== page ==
4. I’m beginning to suspect that the Constitution doesn’t mean as much as it was hyped up to mean.

    1. No, it doesn’t. At least, not as long a no one steps up to defend it. Otherwise, it really is nothing but a dusty old piece of paper.

    2. I was just thinking about the post Katrina gun confiscations.

    3. Hey, they can take your DNA without your consent, why worry about some interweb records?

  5. So we have an NLRB that has been unconstitutional for a year or so, but the rulings still apply.
    And now we have an unconstitutional demand for information, but you still have to supply it.
    Venezuela’s out of toilet tissue, maybe we could sell copies of the constitution there?

    1. Aha! A plot by the Yanquis to foist their repudiated system on the wonder Bolivarian paradise of Venezuela!

      1. Hey! There’s no reason to read the damn thing! The US courts don’t bother.

        1. Do you think government employees have a hard time not giggling while swearing to uphold the constitution?

          1. “Do you think government employees have a hard time not giggling while swearing to uphold the constitution?”

            The problem I have with that image reflects the stupidity/conspiracy assumption.
            No, I don’t think the giggle, since I doubt seriously if many of them have read it, let alone tried to understand why it came about.
            I have a suspicion that the general view is from 5th grade civics class: “These guys got together and formed a government, and wrote some stuff down. Isn’t that wonderful? Oh, and there’s a pep rally this afternoon”

            1. That is probably true. Most people have an opinion and then look for “facts” to back it up. See general welfare clause of the constitution.

  6. “The test of a first-rate intelligence is the ability to hold two opposing ideas in mind at the same time and still retain the ability to function.”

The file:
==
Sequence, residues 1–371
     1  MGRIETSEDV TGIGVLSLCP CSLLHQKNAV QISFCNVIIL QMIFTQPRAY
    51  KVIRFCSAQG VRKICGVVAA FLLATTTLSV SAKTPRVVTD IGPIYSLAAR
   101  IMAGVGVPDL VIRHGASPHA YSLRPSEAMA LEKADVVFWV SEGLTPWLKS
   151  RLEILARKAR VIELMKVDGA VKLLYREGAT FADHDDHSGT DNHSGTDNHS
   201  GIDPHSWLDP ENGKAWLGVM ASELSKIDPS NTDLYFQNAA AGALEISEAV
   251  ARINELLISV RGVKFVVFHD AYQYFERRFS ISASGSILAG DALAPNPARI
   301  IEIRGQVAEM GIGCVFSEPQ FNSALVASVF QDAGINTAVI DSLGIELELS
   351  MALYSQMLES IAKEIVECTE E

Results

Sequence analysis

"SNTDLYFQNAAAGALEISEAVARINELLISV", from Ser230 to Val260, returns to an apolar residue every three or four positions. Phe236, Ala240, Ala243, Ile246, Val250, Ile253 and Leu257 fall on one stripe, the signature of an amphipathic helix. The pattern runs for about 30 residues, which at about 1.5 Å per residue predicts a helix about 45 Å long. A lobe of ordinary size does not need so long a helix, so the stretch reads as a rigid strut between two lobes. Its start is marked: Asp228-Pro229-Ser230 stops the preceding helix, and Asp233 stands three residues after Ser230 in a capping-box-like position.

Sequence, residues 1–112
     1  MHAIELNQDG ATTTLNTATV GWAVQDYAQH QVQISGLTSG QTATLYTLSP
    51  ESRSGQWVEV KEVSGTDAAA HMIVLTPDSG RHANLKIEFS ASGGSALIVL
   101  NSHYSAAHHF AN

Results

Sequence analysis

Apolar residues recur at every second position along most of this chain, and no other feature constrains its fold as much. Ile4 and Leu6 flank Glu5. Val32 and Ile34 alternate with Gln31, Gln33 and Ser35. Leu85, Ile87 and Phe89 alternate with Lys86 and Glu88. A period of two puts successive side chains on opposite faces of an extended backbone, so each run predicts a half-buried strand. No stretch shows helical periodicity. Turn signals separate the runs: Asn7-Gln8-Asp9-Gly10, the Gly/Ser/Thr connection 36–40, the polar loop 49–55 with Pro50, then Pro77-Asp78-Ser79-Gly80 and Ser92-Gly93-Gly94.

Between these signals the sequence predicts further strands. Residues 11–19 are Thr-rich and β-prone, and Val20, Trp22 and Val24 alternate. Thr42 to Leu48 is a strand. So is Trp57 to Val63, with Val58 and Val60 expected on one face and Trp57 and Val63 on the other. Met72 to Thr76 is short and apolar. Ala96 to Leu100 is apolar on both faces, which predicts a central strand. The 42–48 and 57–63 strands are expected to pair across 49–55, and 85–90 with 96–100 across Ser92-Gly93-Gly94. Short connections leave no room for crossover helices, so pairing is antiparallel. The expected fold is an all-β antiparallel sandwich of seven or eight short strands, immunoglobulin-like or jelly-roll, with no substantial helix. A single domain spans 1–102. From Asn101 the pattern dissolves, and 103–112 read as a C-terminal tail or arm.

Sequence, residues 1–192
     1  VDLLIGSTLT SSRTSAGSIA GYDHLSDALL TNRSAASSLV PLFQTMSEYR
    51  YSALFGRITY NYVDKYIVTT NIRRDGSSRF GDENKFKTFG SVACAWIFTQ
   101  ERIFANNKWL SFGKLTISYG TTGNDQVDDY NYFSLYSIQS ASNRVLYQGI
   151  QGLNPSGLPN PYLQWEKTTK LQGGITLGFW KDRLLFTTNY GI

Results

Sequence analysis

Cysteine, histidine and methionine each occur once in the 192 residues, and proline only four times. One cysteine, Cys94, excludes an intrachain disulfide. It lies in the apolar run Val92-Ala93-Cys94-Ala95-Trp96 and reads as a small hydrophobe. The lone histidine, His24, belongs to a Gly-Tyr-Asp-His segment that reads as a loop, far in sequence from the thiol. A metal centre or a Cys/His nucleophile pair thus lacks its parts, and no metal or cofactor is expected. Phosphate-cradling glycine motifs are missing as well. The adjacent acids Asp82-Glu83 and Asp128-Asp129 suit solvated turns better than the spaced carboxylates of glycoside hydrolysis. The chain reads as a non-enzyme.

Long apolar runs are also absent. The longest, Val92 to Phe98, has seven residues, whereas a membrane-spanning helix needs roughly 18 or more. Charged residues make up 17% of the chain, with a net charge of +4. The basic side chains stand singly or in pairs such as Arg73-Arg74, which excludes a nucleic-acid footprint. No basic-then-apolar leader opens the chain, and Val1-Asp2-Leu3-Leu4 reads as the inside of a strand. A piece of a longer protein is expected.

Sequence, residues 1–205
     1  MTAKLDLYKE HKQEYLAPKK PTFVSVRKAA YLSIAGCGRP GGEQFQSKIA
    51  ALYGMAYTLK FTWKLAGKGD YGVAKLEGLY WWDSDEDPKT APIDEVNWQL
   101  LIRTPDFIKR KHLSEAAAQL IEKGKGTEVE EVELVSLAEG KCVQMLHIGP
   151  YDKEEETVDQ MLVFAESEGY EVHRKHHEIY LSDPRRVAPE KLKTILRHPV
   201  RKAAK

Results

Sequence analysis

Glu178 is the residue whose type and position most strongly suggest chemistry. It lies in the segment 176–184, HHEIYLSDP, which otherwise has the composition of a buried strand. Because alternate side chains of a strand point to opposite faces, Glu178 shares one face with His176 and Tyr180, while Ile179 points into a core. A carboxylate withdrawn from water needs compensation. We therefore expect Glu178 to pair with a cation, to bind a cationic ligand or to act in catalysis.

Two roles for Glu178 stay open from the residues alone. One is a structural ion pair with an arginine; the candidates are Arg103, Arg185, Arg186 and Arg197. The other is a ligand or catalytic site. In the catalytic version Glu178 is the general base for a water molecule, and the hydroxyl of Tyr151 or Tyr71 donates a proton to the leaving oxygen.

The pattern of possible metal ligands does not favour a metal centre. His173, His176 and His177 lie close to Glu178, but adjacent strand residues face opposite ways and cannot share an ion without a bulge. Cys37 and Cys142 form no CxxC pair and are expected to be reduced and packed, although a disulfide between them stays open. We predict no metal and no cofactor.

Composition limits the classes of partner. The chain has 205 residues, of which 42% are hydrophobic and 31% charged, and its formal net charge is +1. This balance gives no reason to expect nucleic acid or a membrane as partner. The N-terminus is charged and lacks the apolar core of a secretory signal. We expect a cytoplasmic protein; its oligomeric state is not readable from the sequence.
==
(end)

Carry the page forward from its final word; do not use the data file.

1. I like the rest of that….his example that a person should be able to believe that a situation is hopeless yet strive to remedy that.

      A cheap semantic trick worthy of a church sign.

      Most of the time when people say things are hopeless they are exaggerating. They dont really believe that. When they really believe that they usually commit suicide.

  7. I sometimes get the feeling that the works of Franz Kafka are required reading in law school, as a how-to manual.

  8. District court judge Susan Illston…

    For more fun with Judge Illston, check Sony v. Hotz.

    Short version: Man jailbreaks PS3, allows users to control firmware and software. Naturally, Sony is displeased with people buying their products and then using them as the purchaser sees fit and sues Hotz. Illston orders his PayPal, Facebook, Twitter, website and Aqua Buddha knows what else seized.

    1. Maybe he can make do with a clone and claim immunity under double jeopardy.

  9. Obey, citizen!

  10. an attorney with the Electronic Frontier Foundation, said: “We are disappointed that the same judge who declared these letters unconstitutional is now requiring compliance with them.”

    We are disappointed that the same judge is not immediately unseated.

  11. OK wow thats some crazy stuff man. Wow.

  12. Since the left does not believe that corporations can be ‘people’, then they should be backing the FBI in this. Google does not have Constitutional Rights.

  13. Lucky Google. The FBI never sends me any national security letters. I’d be so proud of them, I’d post them to my Facebook page.